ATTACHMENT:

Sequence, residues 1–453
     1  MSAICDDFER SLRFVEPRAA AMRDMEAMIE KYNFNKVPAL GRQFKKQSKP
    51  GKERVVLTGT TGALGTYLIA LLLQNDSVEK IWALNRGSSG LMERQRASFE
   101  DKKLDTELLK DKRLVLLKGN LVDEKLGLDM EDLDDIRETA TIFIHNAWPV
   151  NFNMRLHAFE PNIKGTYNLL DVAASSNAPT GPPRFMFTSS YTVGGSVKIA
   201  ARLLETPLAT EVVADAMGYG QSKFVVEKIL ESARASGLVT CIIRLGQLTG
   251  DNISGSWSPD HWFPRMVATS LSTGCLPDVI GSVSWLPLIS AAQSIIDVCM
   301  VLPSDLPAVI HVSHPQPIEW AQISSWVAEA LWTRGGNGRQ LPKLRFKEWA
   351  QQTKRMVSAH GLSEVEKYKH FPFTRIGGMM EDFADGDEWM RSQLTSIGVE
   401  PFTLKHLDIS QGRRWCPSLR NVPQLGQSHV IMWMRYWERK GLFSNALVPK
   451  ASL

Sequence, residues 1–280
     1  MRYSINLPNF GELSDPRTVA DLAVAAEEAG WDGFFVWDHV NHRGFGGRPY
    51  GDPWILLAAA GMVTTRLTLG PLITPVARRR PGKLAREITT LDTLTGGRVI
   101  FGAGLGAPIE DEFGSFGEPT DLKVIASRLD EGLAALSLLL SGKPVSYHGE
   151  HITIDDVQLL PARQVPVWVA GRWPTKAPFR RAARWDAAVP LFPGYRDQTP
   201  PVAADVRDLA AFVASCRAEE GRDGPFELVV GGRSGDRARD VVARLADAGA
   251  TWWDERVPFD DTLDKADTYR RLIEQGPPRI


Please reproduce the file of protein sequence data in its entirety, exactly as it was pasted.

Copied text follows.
Sequence, residues 1–453
     1  MSAICDDFER SLRFVEPRAA AMRDMEAMIE KYNFNKVPAL GRQFKKQSKP
    51  GKERVVLTGT TGALGTYLIA LLLQNDSVEK IWALNRGSSG LMERQRASFE
   101  DKKLDTELLK DKRLVLLKGN LVDEKLGLDM EDLDDIRETA TIFIHNAWPV
   151  NFNMRLHAFE PNIKGTYNLL DVAASSNAPT GPPRFMFTSS YTVGGSVKIA
   201  ARLLETPLAT EVVADAMGYG QSKFVVEKIL ESARASGLVT CIIRLGQLTG
   251  DNISGSWSPD HWFPRMVATS LSTGCLPDVI GSVSWLPLIS AAQSIIDVCM
   301  VLPSDLPAVI HVSHPQPIEW AQISSWVAEA LWTRGGNGRQ LPKLRFKEWA
   351  QQTKRMVSAH GLSEVEKYKH FPFTRIGGMM EDFADGDEWM RSQLTSIGVE
   401  PFTLKHLDIS QGRRWCPSLR NVPQLGQSHV IMWMRYWERK GLFSNALVPK
   451  ASL

Sequence, residues 1–280
     1  MRYSINLPNF GELSDPRTVA DLAVAAEEAG WDGFFVWDHV NHRGFGGRPY
    51  GDPWILLAAA GMVTTRLTLG PLITPVARRR PGKLAREITT LDTLTGGRVI
   101  FGAGLGAPIE DEFGSFGEPT DLKVIASRLD EGLAALSLLL SGKPVSYHGE
   151  HITIDDVQLL PARQVPVWVA GRWPTKAPFR RAARWDAAVP LFPGYRDQTP
   201  PVAADVRDLA AFVASCRAEE GRDGPFELVV GGRSGDRARD VVARLADAGA
   251  TWWDERVPFD DTLDKADTYR RLIEQGPPRI